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Indonesian Miners and Activists Dig for Answers in New Law

Published by MAC on 2010-03-18
Source: Jakarta Globe

Miners and Activists Dig for Answers in New Law (Indonesia)

Fidelis E Satriastanti

Jakarta Globe

10 March 2010

Underground mining officially became legal in the country’s protected forests on Feb. 1. Now environmentalists and miners are working to determine the viability of such operations and their effect on the rapidly disappearing natural landscape.

The new regulation came against the backdrop of the country’s noisy pledge to protect its vast forest areas as part of its ambitious goal of reducing carbon emissions by 26 percent by 2020.

“Any kind of mining activities, whether open-pit or underground, will eventually change the landscape,” said Iskandar Zulkarnain, director of geology research at the Indonesian Institute of Sciences (LIPI). “That’s a fixed price. But the impact on the environment caused by mining activities is still unclear.”

In underground mining, Iskandar said, the exploration method does not immediately alter the above-ground landscape as operators usually only build underground tunnels. But the long-term effects are still in question.

Controversy over mining in protected forests has raged since the 1999 Forestry Law, which stipulates that they are off-limits for open-pit mining. The law doesn’t mention underground mining.

Under the 1999 law, forest functions are divided into conservation, protection and forestry-production purposes, with a percentage of the latter allowed for other, non-forest activities, such as plantations.

The controversy centered on the fact that 13 mining companies operating open-pit mines in protected forest areas — including PT Freeport Indonesia, PT Aneka Tambang, PT Karimun Granit and PT International Nickel Indonesia — were given a legal basis for their operations in 2004 when President Megawati Sukarnoputri issued a regulation in lieu of law (perppu).

The regulation issued in February states that protected forest areas can be exploited, but only through underground mining.

“Under the new regulation, it is clear that underground mining can only be done under strict conditions,” Iskandar said “It must not alter the groundwater, change the function of the forests above it or cause surface subsidence.”

He added that underground mining came with higher risks to workers and cost more than open-pit mining. “This method is very expensive. That is why 90 percent of mining sites in this country practice open-pit mining,” Iskandar said.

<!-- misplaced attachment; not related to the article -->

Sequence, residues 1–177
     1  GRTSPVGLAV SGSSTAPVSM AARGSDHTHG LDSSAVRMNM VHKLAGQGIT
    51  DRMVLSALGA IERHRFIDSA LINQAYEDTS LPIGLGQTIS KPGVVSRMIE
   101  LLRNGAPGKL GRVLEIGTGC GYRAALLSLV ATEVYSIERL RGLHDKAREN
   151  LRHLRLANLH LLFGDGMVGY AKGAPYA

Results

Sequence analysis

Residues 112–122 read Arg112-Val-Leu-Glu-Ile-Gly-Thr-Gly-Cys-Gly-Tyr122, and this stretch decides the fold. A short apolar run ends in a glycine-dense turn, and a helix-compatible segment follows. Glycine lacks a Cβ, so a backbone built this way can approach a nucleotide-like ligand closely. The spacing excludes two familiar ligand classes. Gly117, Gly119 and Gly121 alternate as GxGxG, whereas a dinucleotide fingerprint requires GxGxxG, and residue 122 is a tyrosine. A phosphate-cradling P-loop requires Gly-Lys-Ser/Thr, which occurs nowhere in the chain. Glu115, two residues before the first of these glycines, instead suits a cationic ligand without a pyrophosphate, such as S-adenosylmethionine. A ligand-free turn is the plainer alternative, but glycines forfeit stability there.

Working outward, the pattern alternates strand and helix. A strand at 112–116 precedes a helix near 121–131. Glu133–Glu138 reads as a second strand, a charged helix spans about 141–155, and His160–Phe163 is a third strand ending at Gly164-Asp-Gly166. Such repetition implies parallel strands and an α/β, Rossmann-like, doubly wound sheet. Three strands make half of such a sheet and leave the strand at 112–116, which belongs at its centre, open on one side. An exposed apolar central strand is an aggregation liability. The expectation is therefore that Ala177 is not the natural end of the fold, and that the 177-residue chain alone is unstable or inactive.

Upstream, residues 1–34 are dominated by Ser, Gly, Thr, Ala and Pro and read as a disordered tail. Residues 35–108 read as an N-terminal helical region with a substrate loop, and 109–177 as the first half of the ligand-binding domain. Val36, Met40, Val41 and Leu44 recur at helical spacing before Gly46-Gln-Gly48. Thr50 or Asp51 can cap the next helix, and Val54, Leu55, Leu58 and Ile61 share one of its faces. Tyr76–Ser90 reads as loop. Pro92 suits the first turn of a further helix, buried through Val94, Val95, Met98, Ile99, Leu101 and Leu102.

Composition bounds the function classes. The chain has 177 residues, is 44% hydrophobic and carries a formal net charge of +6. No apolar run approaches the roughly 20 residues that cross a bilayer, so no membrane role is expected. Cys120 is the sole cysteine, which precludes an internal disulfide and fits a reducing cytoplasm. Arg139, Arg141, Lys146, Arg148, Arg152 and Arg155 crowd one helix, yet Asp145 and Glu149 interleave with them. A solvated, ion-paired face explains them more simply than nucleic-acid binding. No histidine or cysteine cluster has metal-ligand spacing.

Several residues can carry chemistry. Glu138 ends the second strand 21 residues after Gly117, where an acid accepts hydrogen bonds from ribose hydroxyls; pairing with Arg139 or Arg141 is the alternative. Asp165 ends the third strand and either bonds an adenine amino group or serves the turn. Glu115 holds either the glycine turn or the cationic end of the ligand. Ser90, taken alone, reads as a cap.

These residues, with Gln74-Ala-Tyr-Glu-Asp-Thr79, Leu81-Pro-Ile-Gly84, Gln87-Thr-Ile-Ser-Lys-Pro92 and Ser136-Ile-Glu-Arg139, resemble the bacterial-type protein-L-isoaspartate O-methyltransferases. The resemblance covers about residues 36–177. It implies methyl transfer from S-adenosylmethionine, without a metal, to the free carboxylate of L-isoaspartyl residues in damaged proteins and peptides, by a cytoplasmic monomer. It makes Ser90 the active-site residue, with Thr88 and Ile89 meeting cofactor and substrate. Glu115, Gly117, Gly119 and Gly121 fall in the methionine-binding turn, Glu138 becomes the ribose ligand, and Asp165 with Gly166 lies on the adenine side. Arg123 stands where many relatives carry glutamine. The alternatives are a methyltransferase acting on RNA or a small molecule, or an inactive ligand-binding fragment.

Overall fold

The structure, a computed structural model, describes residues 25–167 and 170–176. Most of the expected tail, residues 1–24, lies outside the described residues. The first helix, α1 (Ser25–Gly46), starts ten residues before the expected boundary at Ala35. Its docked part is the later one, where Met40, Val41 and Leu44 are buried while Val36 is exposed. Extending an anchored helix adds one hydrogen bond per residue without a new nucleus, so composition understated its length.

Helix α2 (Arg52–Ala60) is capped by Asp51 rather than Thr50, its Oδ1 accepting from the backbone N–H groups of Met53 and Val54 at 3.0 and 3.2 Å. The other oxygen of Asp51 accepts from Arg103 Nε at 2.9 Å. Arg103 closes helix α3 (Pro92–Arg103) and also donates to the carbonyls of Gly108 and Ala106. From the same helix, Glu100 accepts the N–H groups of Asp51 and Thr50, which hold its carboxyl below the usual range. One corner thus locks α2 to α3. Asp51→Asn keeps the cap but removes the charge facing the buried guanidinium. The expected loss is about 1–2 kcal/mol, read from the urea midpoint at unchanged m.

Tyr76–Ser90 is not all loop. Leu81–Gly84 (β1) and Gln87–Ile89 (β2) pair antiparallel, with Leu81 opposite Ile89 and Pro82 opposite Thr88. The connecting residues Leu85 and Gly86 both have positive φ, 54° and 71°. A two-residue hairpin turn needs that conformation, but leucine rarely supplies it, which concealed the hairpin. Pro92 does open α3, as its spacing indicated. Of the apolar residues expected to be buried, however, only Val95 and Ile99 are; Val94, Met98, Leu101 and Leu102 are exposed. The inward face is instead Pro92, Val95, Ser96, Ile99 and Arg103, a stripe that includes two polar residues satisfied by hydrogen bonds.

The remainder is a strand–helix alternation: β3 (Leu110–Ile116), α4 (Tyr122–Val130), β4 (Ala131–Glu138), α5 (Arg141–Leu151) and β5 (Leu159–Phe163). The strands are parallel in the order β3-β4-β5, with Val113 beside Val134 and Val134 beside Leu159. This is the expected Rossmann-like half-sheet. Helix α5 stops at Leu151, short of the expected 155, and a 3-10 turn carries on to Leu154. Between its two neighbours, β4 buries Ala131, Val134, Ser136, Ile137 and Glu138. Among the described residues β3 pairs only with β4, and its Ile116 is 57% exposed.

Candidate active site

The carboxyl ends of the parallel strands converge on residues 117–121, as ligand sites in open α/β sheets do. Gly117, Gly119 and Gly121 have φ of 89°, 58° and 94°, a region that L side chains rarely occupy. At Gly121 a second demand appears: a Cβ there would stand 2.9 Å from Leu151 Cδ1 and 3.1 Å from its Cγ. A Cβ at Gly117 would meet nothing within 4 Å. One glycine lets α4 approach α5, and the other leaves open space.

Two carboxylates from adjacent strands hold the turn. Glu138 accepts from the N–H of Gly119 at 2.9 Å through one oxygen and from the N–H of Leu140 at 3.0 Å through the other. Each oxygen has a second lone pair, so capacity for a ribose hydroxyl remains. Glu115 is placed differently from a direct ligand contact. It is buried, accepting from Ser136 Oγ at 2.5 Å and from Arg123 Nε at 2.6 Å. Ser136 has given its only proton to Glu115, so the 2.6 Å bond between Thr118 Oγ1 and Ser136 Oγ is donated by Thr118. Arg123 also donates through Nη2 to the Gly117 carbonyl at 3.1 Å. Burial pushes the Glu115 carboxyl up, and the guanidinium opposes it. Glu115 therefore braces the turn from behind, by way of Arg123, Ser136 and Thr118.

“Most miners would consider underground mining a last option,” he said, adding that underground mining was most common for gold and coal.

Irwandy Arif, chairman of the Indonesian Mining Professionals Association (Perhapi), said underground mining would only affect a small amount of the land’s surface.

“Underground mining means that [companies] are allowed to extract minerals from under the soil, utilizing surface land for building infrastructure but not chopping down trees as with open-pit mining,” he said.

The new regulation, he added, will encourage future investment because there is now a clear legal prescription on how to mine in protected forest areas, despite the high cost.

Siti Maimunah, national coordinator of the Mining Advocacy Network (Jatam), however, said the regulation was inappropriate given that Indonesia has one of the fastest deforestation rates in the world.

“They’re protected forests; even their name says it’s wrong [to exploit them]. How can you change protected forest into mining area?” Siti said.

She called for the new regulation and the 2004 perppu to be reversed, and for a review of the licences given to the 13 mining companies operating open-pit mines in protected forests.

Despite its promising yields, underground mining is a dangerous pursuit, with frequent reports of deadly accidents. Last year at least 32 people were killed when a methane explosion collapsed a mine in Sawahlunto, West Sumatra.

The Energy and Mineral Resources Ministry reported that a total of 284 people were killed in mining-related accidents across the country in 2009.

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